I didn’t realize that I had quite the psychic power that I apparently wield because since those thoughts last week it hasn’t stopped. Cape Town apparently over the past weekend had more rain than it has seen in such a short period of time for over fifty years. Roads flooded, roofs leaked and the temperatures dropped to levels that are really rather uncomfortable in an environment where most houses lack double glazing or even any inbuilt form of heating.

More trout housing that you know what to do with in Camps Bay.

More trout housing that you know what to do with in Camps Bay.

Its all very well assuming that one can use the dark days usefully to tie flies and fill boxes in preparation for the coming season but with frozen fingers and steam clouding one’s vision the size 22’s will have to wait, manufacturing them is simply too tricky and drinking enough scotch to take your mind off the chill merely makes fly manufacture even less productive.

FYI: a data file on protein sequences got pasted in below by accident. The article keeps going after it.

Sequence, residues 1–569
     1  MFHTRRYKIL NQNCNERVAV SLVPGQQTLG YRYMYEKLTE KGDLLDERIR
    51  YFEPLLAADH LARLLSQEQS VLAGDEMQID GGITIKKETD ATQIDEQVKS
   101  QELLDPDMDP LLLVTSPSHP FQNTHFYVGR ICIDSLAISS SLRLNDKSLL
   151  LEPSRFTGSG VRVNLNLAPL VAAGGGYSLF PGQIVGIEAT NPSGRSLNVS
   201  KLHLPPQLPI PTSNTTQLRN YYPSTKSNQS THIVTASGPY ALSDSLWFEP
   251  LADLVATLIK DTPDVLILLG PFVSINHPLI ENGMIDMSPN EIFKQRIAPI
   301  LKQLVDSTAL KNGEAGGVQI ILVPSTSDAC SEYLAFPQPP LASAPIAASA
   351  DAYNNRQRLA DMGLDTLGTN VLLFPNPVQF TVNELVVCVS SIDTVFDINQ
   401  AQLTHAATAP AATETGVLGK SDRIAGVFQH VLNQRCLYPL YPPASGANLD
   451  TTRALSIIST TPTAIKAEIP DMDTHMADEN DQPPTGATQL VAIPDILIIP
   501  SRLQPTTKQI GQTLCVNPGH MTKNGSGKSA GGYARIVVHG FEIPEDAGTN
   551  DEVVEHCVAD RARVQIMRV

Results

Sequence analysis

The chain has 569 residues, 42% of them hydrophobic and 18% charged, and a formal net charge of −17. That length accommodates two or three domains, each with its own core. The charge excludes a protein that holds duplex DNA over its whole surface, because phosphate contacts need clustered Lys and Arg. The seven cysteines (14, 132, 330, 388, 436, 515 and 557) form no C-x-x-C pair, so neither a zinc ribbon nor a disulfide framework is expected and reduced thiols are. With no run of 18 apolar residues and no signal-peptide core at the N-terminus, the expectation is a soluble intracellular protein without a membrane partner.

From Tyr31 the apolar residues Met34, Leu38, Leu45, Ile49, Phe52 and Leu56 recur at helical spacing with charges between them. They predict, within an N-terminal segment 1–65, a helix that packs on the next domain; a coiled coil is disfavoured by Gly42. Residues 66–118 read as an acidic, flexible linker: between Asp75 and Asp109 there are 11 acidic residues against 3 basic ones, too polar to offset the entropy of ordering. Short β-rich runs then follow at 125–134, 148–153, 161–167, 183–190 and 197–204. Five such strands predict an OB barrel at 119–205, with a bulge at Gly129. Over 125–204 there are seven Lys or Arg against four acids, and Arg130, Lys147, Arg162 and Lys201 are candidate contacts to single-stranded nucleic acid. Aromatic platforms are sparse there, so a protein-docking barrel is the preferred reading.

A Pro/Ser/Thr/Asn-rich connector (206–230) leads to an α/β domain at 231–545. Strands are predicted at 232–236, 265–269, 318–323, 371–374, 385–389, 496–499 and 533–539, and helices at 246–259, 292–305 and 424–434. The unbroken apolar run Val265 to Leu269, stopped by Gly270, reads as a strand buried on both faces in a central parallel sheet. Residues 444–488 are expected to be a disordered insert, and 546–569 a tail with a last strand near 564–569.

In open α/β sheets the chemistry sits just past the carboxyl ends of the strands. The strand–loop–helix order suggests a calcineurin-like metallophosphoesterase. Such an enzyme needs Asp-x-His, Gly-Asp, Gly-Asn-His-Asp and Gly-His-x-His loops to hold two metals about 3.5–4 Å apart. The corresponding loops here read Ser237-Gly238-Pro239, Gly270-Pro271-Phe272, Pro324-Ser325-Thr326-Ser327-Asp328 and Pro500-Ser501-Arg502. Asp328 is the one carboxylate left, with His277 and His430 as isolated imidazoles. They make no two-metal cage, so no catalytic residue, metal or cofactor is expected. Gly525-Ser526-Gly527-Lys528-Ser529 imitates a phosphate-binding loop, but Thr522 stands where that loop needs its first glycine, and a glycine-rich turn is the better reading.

There is some sunshine due in a couple of days but right now overnight temperatures are plummeting like proverbial concrete parachutes and being tucked up in bed with the electric blanket and a copy of “Trout Hunter” by Rene Harrop is about the only course of action keeping me alive, never mind sane.

Trout Hunter Front Cover

In fact if things don’t slow down a tad I could be casting at Tuna out of the bedroom window. The Cape Flats, the remarkably level and low lying bit of ground that prevents the Indian and Atlantic Oceans from joining up and usurping the Pacific as the largest body of water may well lose the battle. Another weekend like that past and shipping could take a short cut over Mitchell’s Plain and avoid the dangers of rounding the Cape of Good Hope altogether.

So for now I am focusing on staying as dry as possible, tidying out the fly tying room and once again considering the financial implications of installing heating.

As my mother is want to quote “this too shall pass” and hopefully come September the rivers will be full, the trout happy and fishing able to start in earnest. If I put in that heater I may even warm up enough to tie a few flies in preparation. Don’t forget to visit our website, in great need admittedly of update at